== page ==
Oriental Outings – Section 2

As the underground system in Tokyo had confused me beyond repair, I decided that walking around would be safer for all parties. Day two brought a lot of walking.

First stop was a beautiful spot that I still dream about walking through.  I went to the Shinjuku Gyoen National Garden. It is a singularly beautiful place.  I visited during the colder season so many of the most popular plants and trees were bare and looking rather sad but that didn’t bother me. I was able to imagine what the gardens would look like in full bloom and that was enough.

There were row after row of cherry blossom trees.

Cherry Blossoms Shinjuku Gyoen

I managed to get this close up.

cherry blossom close up

One of my favourite areas was the Taiwanese style structure seen here reflected in the water flanking it.
Shinjuku Gyoen temple

There are several beautiful lakes in the gardens with various coveted seating areas and rest houses so you can sit and admire the view. I like the contrast of nature and engineering in this shot.

Shinjuku Gyoen beauty and modern buildings

The garden offers many outdoor areas but also a greenhouse. The greenhouse contains more exotic plants ranging from banana trees to cacti. There’s a fake waterfall and pond in the greenhouse too so you can look on lilly pads and lotus flowers.

lillypads in greenhouse at gyoen

After the beauty of Shinjuku Goyen, the rest of the day had a lot to live up to! I continued my day by visiting the Imperial Palace East gardens. You cannot visit the Imperial Palace itself as it is still a private residence but the east gardens, and the historic items there, are available to the public. It is free to go round the east garden too so, really, you have no reason not to go. You will enter via a bridge and then a great big gate. Once you’re in, there’s an impressive guard house for you to look at. It’s fairy self explanatory but, this is where Palace guards would live.
Guard House Imperial palace
The gardens themselves are tiered upwards via a series of slopes. The slopes themselves are noted as important cultural and architectural exhibits. They have undergone restoration and preservation work so that visitors can use them as they were intended.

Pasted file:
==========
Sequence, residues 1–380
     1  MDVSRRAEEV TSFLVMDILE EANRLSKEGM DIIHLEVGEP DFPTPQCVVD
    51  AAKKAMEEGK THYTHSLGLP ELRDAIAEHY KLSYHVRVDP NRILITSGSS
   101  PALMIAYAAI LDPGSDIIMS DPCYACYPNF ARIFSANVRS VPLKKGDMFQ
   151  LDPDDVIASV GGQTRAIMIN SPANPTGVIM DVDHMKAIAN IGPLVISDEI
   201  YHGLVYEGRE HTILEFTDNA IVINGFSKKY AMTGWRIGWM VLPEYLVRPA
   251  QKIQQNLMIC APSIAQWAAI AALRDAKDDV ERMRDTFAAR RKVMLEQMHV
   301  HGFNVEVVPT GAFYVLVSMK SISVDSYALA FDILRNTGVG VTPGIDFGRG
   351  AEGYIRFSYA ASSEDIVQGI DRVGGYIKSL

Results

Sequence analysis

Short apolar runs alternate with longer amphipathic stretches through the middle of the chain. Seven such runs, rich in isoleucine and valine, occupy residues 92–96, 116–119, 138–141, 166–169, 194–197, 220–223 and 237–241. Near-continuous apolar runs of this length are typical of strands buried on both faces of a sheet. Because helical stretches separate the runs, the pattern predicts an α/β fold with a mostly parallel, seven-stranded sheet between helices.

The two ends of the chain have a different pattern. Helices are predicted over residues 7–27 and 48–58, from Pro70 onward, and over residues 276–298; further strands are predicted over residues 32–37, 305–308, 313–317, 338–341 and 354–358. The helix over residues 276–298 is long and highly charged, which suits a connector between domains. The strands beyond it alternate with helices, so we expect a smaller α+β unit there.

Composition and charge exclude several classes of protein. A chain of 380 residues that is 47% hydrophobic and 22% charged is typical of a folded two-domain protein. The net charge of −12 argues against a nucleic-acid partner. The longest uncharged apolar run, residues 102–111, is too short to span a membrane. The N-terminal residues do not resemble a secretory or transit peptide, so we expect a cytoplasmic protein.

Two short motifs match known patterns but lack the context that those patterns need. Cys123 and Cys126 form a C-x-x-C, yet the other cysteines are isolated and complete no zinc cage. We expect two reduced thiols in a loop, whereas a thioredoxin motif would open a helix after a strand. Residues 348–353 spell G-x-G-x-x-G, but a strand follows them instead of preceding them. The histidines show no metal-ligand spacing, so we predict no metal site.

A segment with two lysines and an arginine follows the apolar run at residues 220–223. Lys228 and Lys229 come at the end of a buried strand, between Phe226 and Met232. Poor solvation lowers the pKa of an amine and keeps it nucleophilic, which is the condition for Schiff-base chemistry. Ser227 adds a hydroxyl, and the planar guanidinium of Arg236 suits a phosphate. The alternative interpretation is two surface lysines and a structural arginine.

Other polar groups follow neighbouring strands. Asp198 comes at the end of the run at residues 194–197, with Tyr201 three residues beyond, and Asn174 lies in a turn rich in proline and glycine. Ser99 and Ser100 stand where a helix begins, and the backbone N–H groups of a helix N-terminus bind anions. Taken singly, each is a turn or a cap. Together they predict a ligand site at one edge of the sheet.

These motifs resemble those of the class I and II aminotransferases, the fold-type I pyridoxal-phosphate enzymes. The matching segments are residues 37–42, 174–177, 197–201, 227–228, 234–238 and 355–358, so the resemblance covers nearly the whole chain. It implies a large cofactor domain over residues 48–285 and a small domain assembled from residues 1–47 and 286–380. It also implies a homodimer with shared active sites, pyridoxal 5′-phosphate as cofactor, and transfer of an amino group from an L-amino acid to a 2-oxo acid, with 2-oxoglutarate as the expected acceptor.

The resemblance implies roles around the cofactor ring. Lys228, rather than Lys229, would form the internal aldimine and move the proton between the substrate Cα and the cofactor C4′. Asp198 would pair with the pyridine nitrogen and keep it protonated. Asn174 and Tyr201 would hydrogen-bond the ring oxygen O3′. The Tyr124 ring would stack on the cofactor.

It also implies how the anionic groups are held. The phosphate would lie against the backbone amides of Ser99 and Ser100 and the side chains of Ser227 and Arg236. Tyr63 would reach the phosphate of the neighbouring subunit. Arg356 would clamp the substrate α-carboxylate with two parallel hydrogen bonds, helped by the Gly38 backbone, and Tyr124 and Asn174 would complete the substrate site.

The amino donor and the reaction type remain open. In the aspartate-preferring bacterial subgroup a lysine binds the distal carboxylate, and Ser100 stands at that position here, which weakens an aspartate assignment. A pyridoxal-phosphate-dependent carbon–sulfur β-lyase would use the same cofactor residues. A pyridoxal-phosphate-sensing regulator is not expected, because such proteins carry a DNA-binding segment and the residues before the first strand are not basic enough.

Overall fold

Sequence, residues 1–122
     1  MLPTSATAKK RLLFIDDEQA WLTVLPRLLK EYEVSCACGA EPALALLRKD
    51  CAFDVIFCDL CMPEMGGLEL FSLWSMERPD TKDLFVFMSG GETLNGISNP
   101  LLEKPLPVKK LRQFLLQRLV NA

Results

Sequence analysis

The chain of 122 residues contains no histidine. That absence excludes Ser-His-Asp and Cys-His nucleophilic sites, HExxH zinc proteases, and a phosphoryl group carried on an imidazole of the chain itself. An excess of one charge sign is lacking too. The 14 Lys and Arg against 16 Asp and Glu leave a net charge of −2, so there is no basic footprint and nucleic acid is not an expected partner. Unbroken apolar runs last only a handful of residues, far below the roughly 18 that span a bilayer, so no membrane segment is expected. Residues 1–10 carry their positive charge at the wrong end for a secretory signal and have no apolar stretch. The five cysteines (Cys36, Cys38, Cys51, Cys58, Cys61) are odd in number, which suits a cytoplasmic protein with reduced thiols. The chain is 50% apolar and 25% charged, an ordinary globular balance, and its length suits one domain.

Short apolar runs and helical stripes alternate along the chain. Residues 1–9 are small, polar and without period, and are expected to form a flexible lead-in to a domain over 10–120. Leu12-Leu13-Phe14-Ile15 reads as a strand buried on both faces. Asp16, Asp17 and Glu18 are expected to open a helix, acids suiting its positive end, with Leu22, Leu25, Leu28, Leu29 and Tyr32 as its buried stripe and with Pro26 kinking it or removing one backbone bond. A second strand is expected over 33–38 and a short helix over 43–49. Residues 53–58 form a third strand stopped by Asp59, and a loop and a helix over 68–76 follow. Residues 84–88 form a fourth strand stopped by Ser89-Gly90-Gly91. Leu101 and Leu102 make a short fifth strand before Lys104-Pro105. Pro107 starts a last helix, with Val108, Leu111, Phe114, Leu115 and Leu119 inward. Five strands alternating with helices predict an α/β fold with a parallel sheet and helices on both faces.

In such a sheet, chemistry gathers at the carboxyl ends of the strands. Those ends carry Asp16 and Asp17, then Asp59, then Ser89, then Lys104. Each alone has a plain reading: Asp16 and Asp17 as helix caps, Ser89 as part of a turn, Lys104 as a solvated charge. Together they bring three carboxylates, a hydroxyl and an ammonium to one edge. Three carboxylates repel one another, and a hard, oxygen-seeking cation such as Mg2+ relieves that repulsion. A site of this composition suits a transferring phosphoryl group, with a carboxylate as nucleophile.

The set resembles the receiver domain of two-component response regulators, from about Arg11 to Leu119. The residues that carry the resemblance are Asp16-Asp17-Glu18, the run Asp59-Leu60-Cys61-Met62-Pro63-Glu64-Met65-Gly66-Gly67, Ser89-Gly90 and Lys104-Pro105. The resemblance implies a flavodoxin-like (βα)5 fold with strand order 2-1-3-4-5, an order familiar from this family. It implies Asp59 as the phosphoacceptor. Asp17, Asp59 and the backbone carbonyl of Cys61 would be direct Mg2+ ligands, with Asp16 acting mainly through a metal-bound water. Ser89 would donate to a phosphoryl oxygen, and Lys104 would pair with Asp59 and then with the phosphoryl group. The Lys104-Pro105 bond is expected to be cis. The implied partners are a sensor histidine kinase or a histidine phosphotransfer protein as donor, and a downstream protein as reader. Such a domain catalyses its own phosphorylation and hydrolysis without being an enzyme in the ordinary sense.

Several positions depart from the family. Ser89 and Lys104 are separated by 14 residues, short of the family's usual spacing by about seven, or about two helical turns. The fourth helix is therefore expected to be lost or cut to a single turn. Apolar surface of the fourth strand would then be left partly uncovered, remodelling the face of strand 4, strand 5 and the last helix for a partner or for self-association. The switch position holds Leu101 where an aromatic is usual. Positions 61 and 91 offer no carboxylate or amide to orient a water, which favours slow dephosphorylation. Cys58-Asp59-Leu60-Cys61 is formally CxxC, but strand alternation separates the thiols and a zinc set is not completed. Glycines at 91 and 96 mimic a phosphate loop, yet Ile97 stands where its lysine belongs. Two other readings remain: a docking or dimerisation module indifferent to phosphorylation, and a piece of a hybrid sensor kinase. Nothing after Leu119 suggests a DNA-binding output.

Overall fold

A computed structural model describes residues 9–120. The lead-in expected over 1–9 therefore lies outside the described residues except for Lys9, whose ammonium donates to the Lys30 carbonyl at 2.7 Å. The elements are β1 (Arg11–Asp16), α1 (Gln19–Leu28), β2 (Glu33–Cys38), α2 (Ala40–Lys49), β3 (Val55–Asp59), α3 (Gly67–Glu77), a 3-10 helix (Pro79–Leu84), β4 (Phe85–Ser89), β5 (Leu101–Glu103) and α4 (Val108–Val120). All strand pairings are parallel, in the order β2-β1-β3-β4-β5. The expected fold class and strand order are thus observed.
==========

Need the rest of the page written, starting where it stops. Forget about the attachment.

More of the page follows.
Imperial Palace Slope

Once you reach the top, you can see the foundations of the original keep of the Palace which was destroyed in an earthquake hundreds of years ago.

I enjoyed being able apply some of things I learned at the Edo-Tokyo museum to current Tokyo at the Imperial Palace. There is a replica of the first bridge built in Edo at the museum but, I got to see the real one at the Imperial palace. Here it is in the distance:

imperial palace first bridge built

The gardens, for me, were not nearly as enjoyable as Shinjuku Gyoen but still worth a walk around.

Once the Imperial Palace gardens had shown me what they had to offer, I headed back to the hostel for a rest before my night time trek began.

That evening, I walked down to Shinjuku. It was incredibly bright and busy. What I liked the most though was being able to walk down the narrow side streets in the area. These side streets hid many places to eat good food at reasonable prices. Here’s an example of the side streets. You could easily walk past them.

shinjuku side street

I ate my dinner at one of the small food stalls. I had tempura and soba noodles cooked by these two guys (the food was very tasty too).

shinjuku local food

The food shops were crammed in every which way. Some were open on corners, others were flanked by competitors and very cramped inside. Everyone was willing to jostle down the line if needed though.


Shinjuku is a big area of Tokyo and has one of the most massive transport stations I have ever seen. It’s basically a mall. Anyway, there are government buildings in Shinjuku that have viewing platforms so that you can enjoy all round views of the city for free (woo hoo). Naturally I took advantage of the freeness of these platforms. It’s 45 floors up in the Government buildings and easy enough to find (they have signs directing you to the viewing platform lifts. It looked suspiciously closed when I went but it wasn’t. The main building closes but the platforms are open until quite late in the evening. When you get up there, the scale of Tokyo really hits you. It is an unfathomably huge city.

Tokyo at night from government buildings

The lights seem to go on forever. I spent a good hour looking around at all the views of the city and reading the bits and pieces around the platforms. For free, it’s brilliant.

My day two highlight was definitely Shinjuku Gyoen. I would go back to Tokyo again just for that. Truly so beautiful.


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